How did I get the book? Magic Box Book
Synopsis: Lee Fiora is an intelligent, observant fourteen-year-old when her father drops her off in front of her dorm at the prestigious Ault School in Massachusetts. She leaves her animated, affectionate family in South Bend, Indiana, at least in part because of the boarding school’s glossy brochure, in which boys in sweaters chat in front of old brick buildings, girls in kilts hold lacrosse sticks on pristinely mown athletic fields, and everyone sings hymns in chapel.
As Lee soon learns, Ault is a cloistered world of jaded, attractive teenagers who spend summers on Nantucket and speak in their own clever shorthand. Both intimidated and fascinated by her classmates, Lee becomes a shrewd observer of–and, ultimately, a participant in–their rituals and mores. As a scholarship student, she constantly feels like an outsider and is both drawn to and repelled by other loners. By the time she’s a senior, Lee has created a hard-won place for herself at Ault. But when her behaviour takes a self-destructive and highly public turn, her carefully crafted identity within the community is shattered.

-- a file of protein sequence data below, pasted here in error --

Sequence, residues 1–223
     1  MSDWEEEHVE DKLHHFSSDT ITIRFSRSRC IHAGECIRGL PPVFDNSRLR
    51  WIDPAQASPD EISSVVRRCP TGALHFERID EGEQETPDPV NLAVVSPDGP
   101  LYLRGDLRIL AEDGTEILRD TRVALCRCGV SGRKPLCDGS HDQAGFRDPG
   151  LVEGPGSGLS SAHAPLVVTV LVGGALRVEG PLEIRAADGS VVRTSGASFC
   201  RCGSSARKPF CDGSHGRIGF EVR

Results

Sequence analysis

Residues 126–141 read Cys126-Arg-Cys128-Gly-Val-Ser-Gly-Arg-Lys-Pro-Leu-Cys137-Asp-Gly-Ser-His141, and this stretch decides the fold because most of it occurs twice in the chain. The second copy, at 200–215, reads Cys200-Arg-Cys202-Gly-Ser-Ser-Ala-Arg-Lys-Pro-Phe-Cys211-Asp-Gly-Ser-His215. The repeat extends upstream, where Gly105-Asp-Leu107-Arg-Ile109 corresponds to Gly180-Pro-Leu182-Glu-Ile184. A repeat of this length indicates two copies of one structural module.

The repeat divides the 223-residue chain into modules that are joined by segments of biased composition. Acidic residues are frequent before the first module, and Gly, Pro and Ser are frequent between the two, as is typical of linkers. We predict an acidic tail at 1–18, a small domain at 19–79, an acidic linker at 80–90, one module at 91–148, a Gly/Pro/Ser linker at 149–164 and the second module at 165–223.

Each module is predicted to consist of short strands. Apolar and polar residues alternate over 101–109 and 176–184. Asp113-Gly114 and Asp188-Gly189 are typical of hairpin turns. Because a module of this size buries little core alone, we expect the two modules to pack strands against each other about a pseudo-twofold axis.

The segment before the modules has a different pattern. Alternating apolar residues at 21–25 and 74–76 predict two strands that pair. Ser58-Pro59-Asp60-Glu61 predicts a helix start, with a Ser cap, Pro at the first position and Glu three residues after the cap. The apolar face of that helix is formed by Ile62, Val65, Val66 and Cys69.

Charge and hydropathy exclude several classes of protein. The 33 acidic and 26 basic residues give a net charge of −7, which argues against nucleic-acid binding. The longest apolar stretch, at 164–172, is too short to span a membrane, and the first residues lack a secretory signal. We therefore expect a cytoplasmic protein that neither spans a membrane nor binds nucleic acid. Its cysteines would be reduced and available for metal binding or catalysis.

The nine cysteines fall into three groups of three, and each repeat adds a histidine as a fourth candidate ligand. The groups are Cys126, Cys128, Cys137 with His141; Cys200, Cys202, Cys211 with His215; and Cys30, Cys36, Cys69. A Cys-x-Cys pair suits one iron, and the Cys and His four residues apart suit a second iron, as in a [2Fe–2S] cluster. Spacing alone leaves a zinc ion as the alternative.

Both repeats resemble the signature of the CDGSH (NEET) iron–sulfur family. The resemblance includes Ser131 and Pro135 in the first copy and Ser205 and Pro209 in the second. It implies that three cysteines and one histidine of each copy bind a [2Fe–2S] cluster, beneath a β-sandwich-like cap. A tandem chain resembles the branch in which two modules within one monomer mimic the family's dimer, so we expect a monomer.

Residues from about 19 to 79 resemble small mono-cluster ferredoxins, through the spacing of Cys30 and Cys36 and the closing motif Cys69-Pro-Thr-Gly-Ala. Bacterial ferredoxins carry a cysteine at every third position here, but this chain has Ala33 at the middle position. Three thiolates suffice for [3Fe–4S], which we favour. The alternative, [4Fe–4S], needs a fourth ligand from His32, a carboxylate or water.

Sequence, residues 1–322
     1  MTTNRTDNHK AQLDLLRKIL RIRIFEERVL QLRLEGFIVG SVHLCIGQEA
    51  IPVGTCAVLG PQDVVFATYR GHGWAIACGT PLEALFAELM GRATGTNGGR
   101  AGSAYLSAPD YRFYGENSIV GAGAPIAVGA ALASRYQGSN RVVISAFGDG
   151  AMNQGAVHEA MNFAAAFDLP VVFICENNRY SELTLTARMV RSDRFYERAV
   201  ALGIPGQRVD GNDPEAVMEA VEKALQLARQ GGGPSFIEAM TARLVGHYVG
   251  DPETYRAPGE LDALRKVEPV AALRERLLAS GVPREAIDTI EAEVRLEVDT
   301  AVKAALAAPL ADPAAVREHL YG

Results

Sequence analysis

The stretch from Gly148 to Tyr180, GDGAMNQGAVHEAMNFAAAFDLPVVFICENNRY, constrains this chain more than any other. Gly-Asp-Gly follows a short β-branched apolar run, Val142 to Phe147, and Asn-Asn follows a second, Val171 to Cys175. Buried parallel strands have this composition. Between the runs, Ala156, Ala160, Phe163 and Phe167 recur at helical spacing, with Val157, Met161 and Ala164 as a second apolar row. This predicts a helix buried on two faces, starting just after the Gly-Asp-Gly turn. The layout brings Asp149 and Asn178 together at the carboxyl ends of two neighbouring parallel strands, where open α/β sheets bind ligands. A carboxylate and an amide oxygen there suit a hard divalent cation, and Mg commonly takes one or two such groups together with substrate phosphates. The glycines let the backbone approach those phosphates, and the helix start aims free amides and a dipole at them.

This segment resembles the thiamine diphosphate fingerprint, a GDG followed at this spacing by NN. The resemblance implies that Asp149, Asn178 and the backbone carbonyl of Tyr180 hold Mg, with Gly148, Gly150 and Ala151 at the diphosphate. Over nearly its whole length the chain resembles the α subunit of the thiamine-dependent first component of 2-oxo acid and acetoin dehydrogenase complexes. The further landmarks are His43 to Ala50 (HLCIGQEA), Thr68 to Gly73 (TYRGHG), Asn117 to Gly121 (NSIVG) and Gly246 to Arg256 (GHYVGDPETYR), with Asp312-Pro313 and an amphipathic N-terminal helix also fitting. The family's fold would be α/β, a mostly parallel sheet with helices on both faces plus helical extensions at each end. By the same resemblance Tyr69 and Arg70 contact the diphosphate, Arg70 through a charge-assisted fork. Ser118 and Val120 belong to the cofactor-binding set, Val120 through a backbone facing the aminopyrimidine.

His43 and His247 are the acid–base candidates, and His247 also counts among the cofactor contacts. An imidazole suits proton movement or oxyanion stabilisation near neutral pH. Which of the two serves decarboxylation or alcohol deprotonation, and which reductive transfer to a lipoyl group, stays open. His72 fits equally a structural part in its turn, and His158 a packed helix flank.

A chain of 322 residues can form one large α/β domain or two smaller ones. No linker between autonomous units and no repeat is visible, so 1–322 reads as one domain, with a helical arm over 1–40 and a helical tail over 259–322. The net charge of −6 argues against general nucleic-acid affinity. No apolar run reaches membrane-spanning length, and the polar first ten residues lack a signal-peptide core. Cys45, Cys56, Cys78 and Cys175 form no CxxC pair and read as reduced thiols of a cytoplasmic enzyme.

200words (or less) review: On page 366 of my copy of Prep our protagonist sums herself up beautifully:
“Actually, Lee is the horrible one,” I said. “She’s totally insecure, and she complains all the time. And she’s negative.”
Prep is a very well written book that resolves around Lee’s four years at Ault – but nothing happens. The ‘highly public self-destructive behaviour’ referred to in the blurb doesn’t actually occur until you’ve reached page 430something and even then it’s dealt with the same way Lee deals with every event, pages and pages of self-pity with no acknowledgement of her own faults.
Sometimes you read books for the story, sometimes for the characters – with Prep I felt like I had neither. Lee starts the book the same way she finishes, just four years older. For me there wasn’t any growth in her character. I know you don’t have to like the protagonist to like the book, actually sometimes the best characters are the ones you can’t stand, but Lee didn’t have enough personality to be interesting.
Curtis Sittenfeld writes beautifully but for me Prep was a very slow build up to an event that in the end hardly creates a wave in Lee’s life.